An isotopic analysis of ionising radiation as a source of sulphuric acid
- 1National Space Institute, Technical University of Denmark, 2100, Copenhagen Ø, Denmark
- 2Division of Atmospheric Science, Department of Physics, P.O. Box 64, 00014 University of Helsinki, Finland
- 3Department of Environmental Science and Technology, Interdisciplinary Graduate School of Science and Engineering, Tokyo Institute of Technology, Yokohama, 226-8502, Japan
- 4University of Copenhagen, Department of Chemistry, 2100, Copenhagen Ø, Denmark
- 5Department of Environmental Chemistry and Engineering, Interdisciplinary Graduate School of Science and Engineering, Tokyo Institute of Technology, Yokohama, 226-8502, Japan
- 6Department of Earth and Planetary Science, Tokyo Institute of Technology, Meguro-ku, Tokyo, 152-8551, Japan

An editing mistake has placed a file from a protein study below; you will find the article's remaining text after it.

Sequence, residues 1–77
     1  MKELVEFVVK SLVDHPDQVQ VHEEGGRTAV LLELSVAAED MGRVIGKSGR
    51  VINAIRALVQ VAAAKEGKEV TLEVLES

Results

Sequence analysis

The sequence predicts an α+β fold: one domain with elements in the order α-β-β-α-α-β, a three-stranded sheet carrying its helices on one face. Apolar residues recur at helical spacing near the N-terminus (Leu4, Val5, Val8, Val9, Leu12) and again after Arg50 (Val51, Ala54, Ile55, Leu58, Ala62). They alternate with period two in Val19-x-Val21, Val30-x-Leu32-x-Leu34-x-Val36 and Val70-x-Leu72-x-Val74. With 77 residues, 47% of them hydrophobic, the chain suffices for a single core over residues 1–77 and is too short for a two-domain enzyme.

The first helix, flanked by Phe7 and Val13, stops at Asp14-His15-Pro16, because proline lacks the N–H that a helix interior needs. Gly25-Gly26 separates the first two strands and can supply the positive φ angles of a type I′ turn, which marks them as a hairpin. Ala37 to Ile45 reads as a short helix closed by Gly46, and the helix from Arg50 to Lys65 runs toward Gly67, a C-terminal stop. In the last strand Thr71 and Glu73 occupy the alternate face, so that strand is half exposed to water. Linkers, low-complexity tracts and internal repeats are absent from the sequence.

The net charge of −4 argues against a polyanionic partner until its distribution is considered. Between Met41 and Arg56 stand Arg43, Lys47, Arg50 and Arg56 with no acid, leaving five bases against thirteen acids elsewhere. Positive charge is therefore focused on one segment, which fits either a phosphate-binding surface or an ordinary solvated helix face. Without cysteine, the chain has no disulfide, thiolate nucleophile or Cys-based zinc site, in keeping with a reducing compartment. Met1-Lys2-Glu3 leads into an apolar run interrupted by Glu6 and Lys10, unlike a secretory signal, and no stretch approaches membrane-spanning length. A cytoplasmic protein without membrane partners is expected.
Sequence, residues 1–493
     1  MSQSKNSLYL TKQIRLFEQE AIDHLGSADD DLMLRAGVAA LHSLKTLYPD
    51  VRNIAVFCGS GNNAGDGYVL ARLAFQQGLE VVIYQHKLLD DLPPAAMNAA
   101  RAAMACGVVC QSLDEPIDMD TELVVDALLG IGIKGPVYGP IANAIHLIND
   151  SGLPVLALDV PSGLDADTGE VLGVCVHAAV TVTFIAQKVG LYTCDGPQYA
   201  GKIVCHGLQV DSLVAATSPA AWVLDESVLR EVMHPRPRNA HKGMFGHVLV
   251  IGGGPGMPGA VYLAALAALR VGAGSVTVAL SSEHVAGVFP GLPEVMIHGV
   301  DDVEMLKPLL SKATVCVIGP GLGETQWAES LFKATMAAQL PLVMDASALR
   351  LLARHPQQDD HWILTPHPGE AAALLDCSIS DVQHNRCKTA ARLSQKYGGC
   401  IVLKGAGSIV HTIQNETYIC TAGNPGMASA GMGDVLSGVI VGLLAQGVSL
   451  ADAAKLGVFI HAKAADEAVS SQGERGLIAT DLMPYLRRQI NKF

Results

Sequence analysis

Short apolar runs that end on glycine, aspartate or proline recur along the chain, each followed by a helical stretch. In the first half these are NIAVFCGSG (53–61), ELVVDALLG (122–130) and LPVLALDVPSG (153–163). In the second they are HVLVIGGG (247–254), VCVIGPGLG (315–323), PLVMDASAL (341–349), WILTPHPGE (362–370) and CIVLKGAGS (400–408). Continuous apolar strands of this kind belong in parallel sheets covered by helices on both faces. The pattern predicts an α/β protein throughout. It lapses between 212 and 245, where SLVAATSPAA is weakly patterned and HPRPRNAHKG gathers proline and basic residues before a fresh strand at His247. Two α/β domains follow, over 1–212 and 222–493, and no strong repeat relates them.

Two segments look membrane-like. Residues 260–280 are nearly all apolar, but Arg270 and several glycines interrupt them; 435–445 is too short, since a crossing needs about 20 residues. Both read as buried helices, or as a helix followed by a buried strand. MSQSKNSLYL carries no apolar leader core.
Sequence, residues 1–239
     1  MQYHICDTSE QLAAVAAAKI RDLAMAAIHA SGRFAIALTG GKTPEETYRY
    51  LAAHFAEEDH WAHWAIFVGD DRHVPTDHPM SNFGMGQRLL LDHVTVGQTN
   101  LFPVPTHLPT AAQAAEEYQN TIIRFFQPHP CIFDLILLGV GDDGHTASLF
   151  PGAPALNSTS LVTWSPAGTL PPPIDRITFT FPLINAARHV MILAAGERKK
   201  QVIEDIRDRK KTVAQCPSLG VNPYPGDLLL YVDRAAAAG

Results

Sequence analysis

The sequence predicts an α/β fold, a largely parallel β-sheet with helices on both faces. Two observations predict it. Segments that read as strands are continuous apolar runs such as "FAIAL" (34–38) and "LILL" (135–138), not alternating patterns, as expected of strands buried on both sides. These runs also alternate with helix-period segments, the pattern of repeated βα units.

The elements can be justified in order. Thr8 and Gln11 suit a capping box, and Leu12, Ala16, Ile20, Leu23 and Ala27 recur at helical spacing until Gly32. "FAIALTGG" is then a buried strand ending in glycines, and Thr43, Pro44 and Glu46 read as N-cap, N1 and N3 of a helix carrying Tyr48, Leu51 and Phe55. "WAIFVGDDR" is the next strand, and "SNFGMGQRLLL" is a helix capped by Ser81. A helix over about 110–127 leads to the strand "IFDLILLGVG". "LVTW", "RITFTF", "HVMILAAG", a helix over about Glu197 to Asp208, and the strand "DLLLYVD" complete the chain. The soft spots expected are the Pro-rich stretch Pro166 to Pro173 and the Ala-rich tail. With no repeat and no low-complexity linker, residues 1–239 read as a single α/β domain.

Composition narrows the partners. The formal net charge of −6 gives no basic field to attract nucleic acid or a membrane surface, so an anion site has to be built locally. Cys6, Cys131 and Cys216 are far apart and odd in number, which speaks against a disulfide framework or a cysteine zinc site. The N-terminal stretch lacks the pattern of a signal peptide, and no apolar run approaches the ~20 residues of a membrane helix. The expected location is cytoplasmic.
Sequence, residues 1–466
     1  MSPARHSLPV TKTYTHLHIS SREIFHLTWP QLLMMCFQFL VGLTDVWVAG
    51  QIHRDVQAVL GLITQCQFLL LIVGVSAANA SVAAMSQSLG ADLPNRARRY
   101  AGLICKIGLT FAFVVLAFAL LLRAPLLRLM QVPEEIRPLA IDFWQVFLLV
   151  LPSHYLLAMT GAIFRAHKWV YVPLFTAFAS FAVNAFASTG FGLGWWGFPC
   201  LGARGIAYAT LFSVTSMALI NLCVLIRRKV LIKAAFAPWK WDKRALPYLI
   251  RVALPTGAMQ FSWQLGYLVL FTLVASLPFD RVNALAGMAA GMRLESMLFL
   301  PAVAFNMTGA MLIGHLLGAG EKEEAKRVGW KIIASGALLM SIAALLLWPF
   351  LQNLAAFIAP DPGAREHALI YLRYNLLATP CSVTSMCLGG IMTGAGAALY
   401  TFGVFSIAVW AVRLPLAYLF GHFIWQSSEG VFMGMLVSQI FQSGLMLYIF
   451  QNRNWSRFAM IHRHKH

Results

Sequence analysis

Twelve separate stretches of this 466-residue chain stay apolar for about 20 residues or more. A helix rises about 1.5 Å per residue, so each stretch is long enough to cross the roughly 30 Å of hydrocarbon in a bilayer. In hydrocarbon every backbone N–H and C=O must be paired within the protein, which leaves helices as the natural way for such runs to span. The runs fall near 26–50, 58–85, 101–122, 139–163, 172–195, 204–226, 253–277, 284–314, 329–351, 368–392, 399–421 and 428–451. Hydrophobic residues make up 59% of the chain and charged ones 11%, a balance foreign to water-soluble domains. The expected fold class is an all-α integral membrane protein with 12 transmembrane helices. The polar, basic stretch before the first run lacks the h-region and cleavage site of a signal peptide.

Abstract. Sulphuric acid is an important factor in aerosol nucleation and growth. It has been shown that ions enhance the formation of sulphuric acid aerosols, but the exact mechanism has remained undetermined. Furthermore some studies have found a deficiency in the sulphuric acid budget, suggesting a missing source. In this study the production of sulphuric acid from SO2 through a number of different pathways is investigated. The production methods are standard gas phase oxidation by OH radicals produced by ozone photolysis with UV light, liquid phase oxidation by ozone, and gas phase oxidation initiated by gamma rays. The distributions of stable sulphur isotopes in the products and substrate were measured using isotope ratio mass spectrometry. All methods produced sulphate enriched in 34S and we find an enrichment factor (δ34S) of 8.7 ± 0.4‰ (1 standard deviation) for the UV-initiated OH reaction. Only UV light (Hg emission at 253.65 nm) produced a clear non-mass-dependent excess of 33S. The pattern of isotopic enrichment produced by gamma rays is similar, but not equal, to that produced by aqueous oxidation of SO2 by ozone. This, combined with the relative yields of the experiments, suggests a mechanism in which ionising radiation may lead to hydrated ion clusters that serve as nanoreactors for S(IV) to S(VI) conversion.